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What Happens To Your Body When You Stop Smoking

Updated on April 22, 2010

See how your body starts to repair the damage done by smoking when you quit.

What happens when you stop smoking?


Stop smoking and your body will begin to repair the damage almost immediately.

Stopping smoking is probably the single most important change you can make to increase your chances of a longer and better quality of life:
  • After 20 minutes, your blood pressure and pulse rate will return to normal
  • After 8 hours, the nicotine and carbon monoxide levels in your blood reduce by half, and oxygen levels return to normal
  • After 72 hours, breathing becomes easier, bronchial tubes begin to relax and energy levels increase
  • After 3-9 months, coughs, wheezing and breathing problems improve as lung function is increased by up to 10 percent 
  • After 5 years, the risk of a heart attack falls to about half that of a smoker
  • After 10 years, the risk of lung cancer falls to half that of a smoker and the risk of a heart attack falls to the same as the risk for someone who has never smoked3

Nicotine, the active ingredient in tobacco, is highly addictive, which is why smokers find it so hard to quit. Around 70 percent of smokers report that they would like to stop smoking; yet only about 2 percent succeed in any one year.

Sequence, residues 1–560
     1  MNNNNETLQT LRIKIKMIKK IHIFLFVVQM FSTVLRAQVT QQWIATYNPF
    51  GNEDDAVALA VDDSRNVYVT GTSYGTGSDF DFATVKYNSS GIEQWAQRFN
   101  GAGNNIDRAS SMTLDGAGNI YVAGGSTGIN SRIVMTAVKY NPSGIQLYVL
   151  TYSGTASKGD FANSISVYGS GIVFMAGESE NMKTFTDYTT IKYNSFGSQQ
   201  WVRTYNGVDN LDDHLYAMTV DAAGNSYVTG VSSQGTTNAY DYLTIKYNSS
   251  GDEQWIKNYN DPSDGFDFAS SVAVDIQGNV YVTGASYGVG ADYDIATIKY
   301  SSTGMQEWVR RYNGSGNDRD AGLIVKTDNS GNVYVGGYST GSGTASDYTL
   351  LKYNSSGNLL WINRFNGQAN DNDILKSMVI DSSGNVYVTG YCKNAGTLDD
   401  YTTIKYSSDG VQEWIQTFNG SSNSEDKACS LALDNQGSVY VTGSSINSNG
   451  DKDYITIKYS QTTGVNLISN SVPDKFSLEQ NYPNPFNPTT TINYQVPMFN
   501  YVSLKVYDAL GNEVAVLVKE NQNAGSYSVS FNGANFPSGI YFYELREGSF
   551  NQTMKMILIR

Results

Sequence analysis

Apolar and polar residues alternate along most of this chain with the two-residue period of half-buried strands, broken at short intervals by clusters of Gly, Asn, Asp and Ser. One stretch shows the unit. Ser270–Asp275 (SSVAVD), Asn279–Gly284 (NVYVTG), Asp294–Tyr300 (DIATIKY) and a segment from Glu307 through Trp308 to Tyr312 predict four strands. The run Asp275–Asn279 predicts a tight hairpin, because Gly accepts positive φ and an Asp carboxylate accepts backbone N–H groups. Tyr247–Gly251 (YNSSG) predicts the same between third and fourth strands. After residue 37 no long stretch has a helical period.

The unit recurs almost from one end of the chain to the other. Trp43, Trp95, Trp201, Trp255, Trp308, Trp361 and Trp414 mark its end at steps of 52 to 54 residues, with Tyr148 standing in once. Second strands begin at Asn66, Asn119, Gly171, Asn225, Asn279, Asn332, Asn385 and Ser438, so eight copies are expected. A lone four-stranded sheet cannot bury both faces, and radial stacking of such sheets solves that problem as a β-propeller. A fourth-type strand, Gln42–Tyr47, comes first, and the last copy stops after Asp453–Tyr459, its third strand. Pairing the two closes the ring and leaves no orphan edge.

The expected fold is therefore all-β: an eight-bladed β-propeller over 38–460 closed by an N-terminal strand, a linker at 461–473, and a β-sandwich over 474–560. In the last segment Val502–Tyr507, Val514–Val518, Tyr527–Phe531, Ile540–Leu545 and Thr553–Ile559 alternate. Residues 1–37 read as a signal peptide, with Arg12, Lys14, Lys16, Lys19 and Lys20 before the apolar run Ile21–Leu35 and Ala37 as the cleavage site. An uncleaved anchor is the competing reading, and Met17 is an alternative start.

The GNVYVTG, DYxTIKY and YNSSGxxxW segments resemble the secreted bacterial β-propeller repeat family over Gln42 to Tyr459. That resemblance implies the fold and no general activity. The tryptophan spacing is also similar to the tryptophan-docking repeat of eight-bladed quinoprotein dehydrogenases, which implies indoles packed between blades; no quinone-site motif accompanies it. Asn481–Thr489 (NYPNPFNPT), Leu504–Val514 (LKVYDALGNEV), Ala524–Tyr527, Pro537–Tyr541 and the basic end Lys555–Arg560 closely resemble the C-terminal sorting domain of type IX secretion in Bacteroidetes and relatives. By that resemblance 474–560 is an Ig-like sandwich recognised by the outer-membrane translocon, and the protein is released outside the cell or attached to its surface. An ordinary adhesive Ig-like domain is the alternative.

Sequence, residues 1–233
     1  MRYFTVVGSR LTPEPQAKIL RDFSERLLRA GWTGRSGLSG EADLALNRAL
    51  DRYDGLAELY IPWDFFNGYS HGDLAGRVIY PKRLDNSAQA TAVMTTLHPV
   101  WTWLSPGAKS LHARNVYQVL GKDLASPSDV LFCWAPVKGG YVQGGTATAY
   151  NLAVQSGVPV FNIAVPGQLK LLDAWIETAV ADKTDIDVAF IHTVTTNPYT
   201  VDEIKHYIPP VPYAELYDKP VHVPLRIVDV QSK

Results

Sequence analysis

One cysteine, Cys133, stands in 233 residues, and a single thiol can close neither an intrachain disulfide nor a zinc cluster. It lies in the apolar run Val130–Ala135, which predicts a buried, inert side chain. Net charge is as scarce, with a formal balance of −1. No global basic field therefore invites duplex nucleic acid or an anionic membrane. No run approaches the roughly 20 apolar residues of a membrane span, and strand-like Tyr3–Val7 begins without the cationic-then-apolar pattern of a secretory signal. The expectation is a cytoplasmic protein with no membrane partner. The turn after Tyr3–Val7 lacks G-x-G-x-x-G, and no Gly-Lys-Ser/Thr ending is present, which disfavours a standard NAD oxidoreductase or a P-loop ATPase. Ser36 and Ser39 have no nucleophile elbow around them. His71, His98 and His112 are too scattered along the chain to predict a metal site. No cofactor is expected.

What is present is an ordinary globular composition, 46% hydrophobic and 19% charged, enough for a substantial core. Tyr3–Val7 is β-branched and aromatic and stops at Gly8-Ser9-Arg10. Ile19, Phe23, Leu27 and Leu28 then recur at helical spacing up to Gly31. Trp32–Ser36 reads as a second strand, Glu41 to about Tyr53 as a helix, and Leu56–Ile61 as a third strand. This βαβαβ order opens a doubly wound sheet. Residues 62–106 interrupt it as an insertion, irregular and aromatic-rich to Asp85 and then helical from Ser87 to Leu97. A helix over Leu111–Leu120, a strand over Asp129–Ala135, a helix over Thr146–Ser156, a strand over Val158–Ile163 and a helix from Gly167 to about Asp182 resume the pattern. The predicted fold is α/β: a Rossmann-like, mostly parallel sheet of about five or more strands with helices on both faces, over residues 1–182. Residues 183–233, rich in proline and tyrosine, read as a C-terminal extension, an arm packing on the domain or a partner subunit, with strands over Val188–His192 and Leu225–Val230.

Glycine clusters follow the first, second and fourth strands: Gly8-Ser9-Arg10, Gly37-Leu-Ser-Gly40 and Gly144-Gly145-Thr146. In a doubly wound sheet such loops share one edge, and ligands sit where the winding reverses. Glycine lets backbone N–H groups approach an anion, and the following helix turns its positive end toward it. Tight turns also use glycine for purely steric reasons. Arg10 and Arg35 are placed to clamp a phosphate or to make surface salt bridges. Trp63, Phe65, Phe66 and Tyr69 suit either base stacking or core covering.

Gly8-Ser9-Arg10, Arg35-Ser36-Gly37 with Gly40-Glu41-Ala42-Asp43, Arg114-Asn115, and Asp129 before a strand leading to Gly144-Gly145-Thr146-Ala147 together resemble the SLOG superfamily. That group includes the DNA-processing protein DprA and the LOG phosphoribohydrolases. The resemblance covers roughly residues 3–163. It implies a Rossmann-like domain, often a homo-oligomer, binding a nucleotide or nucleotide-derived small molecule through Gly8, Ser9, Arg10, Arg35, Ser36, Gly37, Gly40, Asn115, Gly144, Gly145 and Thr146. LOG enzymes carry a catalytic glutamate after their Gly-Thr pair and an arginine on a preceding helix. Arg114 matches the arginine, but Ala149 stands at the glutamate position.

Smoking-related diseases

If no one smoked, lung cancer would be extremely rare. However, smoking accounts for about 90 percent of lung cancer cases2. Smoking is responsible for about one-third of all cancers and a quarter of all cases of heart disease. In addition to these potentially fatal diseases, smokers are at increased risk of 50 different disorders, including a reduction in fertility in both men and women.


What about withdrawal symptoms?

These occur when a person stops taking drugs. In the case of cigarettes, withdrawal symptoms include irritability/aggression, depression, restlessness, poor concentration, increased appetite, light-headedness, night-time awakenings, and cravings.


Will I put on weight?

The possibility of weight gain is often of particular concern to those who want to give up smoking. More than 80 percent of smokers will gain weight when they quit smoking - the long-term weight gain is 6 to 8 lb on average. However, this is without dieting or exercise, and this weight increase is only a minor health risk compared to the risk of continued smoking.

Sources

  1. Peto R et al. Mortality from Smoking in Developed Countries, 1950-2000. Oxford Medical Publications. 1994
  2. Mortality Statistics by Cause 1998 (England and Wales). DH2 no.25, ONS. 1999
  3. Nicotine and Addiction. Fact Sheet No. 9. Action on Smoking and Health (ASH). 2000; www.ash.org

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    • theherbivorehippi profile image

      theherbivorehippi 

      8 years ago from Holly, MI

      Fabulous Hub! I don't think people realize just how amazing you feel after you quit smoking! Well written!

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